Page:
All SCs investigated so far were highly metabolized, with rare detection of the parent SCs in urine, making identification of urinary metabolites essential to document SC intake in this matrix [13, 14]. However, for newly emerging SCs, metabolism data are generally unavailable. We previously determined THJ-2201 metabolism with human hepatocytes and high resolution mass spectrometry (HR-MS) [15]. Currently, the only available FUBIMINA metabolism data were reported by Wiley et al. [3], who focused on FUBIMINA affinity and potency, only mentioning detection of some metabolites. In rat urine, hydroxylation, oxidative defluorination, and carboxylation metabolites were observed. However, these helpful preliminary data also have limitations. Metabolism was in rats, rather than humans; metabolites were mentioned, but no structures were characterized; the relative abundance of metabolites was not provided; and no marker metabolites were recommended for future identification of FUBIMINA intake.

Since 2005, HR-MS has become more widely available for characterizing new drug metabolism due to its many advantages over traditional unit-resolution MS [16], including metabolite identification and bioactivation mechanism elucidation [17, 18, 19]. Accurate mass measurement efficiently confirms metabolite parent ion and fragment ion formulas and achieves metabolite identification with improved productivity and quality. Traditional unit-resolution MS requires multiple injections with different acquisition methods by experienced staff [16]; data analysis is time-consuming and less reliable due to the uncertainty of fragment elemental composition.

Our aims were to characterize human FUBIMINA metabolism with human hepatocytes, recommend appropriate metabolites for clinical screening, and propose strategies to distinguish FUBIMINA from THJ-2201 intake. Human hepatocytes contain all required cofactors, enzymes, and an intact membrane, producing ratios of metabolites more closely matched to those in authentic human urine than those produced from human liver microsomes (HLM) [20, 21, 22]. Our approach using HLM to determine parent compound half-life and properly design human hepatocyte experiments, human hepatocyte incubation to produce phase I and phase II metabolites followed by HR-MS analysis, and sophisticated data analysis have proved successful in predicting major human urine metabolites for other SCs including AB-PINACA [23], AB-FUBINACA [24], FDU-PB-22, and FUB-PB-22 [14]. The spectral data for major metabolites will be highly useful for clinical scientists to incorporate into their urine screening methods to identify FUBIMINA intake.

Materials and methods

Chemicals and reagents

FUBIMINA (purity 98.42 %) was verified and kindly provided by the Drug Enforcement Administration, Department of Justice, USA. THJ-2201 and NADPH were purchased from Cayman Chemical (Ann Arbor, MI, USA). Cryopreserved human hepatocytes (10-donor pool), GRO CP and GRO KHB (Krebs-Henseleit Buffer) buffer for hepatocytes, and HLM (50-donor pool) were acquired from BioreclamationIVT (Baltimore, MD, USA). Acetonitrile was purchased from Sigma-Aldrich (St. Louis, MO, USA). LC–MS grade water and formic acid were purchased from Fisher Scientific (Waltham, MA, USA).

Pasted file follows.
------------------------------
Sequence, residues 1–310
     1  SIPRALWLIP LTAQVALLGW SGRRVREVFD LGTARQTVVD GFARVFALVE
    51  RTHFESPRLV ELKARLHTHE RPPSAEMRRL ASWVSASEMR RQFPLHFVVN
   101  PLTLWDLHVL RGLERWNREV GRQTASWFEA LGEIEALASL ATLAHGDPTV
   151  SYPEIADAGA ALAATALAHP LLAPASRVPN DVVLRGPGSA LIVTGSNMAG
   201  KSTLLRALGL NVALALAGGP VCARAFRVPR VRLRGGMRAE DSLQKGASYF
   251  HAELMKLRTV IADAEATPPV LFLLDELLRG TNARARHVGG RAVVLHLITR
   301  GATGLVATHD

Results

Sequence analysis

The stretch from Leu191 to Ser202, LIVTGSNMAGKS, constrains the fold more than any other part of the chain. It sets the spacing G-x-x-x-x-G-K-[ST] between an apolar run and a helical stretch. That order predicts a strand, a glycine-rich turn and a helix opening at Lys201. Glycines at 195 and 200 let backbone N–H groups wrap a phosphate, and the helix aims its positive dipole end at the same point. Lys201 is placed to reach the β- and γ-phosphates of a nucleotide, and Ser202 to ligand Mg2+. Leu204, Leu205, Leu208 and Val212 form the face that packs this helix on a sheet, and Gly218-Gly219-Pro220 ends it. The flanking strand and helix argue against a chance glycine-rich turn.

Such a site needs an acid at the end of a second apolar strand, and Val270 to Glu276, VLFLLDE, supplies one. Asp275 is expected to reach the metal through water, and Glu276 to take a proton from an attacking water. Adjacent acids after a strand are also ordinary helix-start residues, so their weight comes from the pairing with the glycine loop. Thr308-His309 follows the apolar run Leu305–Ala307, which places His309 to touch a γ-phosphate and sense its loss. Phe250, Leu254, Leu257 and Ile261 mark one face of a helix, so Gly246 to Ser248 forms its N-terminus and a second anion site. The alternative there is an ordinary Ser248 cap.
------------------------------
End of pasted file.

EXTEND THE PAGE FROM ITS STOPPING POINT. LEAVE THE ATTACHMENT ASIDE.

Metabolic stability of FUBIMINA in human liver microsomes

The HLM metabolic stability assays were performed in the same manner as in our previous manuscripts [25, 26]. Final concentration of FUBIMINA in HLM incubation system was 1 μM. Samples were centrifuged at 15,000g (4 °C, 5 min); supernatant was stored at −80 °C until analysis. When analyzing, the samples were thawed, vortexed, and centrifuged again. Then, 10 μL supernatant was diluted in 990 μL mobile phase A/B (90: 10, v/v). Ten microliters was injected to determine remaining FUBIMINA.

The high-performance liquid chromatography (HPLC) system consisted of two LC-20ADxr pumps, a DGU-20A3R degasser, a SIL-20ACxr autosampler, and a CTO-20A column oven (Shimadzu, Columbia, MD, USA). The Kinetex C18 column (100 mm × 2.1 mm, 2.6 μm; Phenomenex, Torrance, CA, USA) was fitted with a KrudKatcher Ultra HPLC in-line filter (0.5 μm × 0.1 mm, Phenomenex). Mobile phases were 0.1 % formic acid in water (A) and 0.1 % formic acid in acetonitrile (B). The gradient elution started at 10 % B for 0.5 min, ramped to 95 % B at 10 min, then held until 12.5 min before re-equilibrating at 10 % B for 2.5 min. Total run time was 15 min with a flow rate of 0.3 mL/min. Column and autosampler temperatures were 40 and 4 °C, respectively.

Data acquisition was performed on 3200 QTRAP mass spectrometer (Sciex, Redwood City, CA, USA) with Analyst software (version 1.6) in positive electrospray ionization (+ESI) mode. Ion source parameters were as follows: source temperature 500 °C; ion spray voltage, 4000 V; curtain gas, 30 psi; gas 1, 45 psi; gas 2, 70 psi. Two ion transitions were monitored for FUBIMINA (m/z 361 → 155; m/z 361 → 177). Mass parameters were as follows: declustering potential, 61 V; collision energy, 43 eV (m/z 361 → 155) and 35 eV (m/z 361 → 177).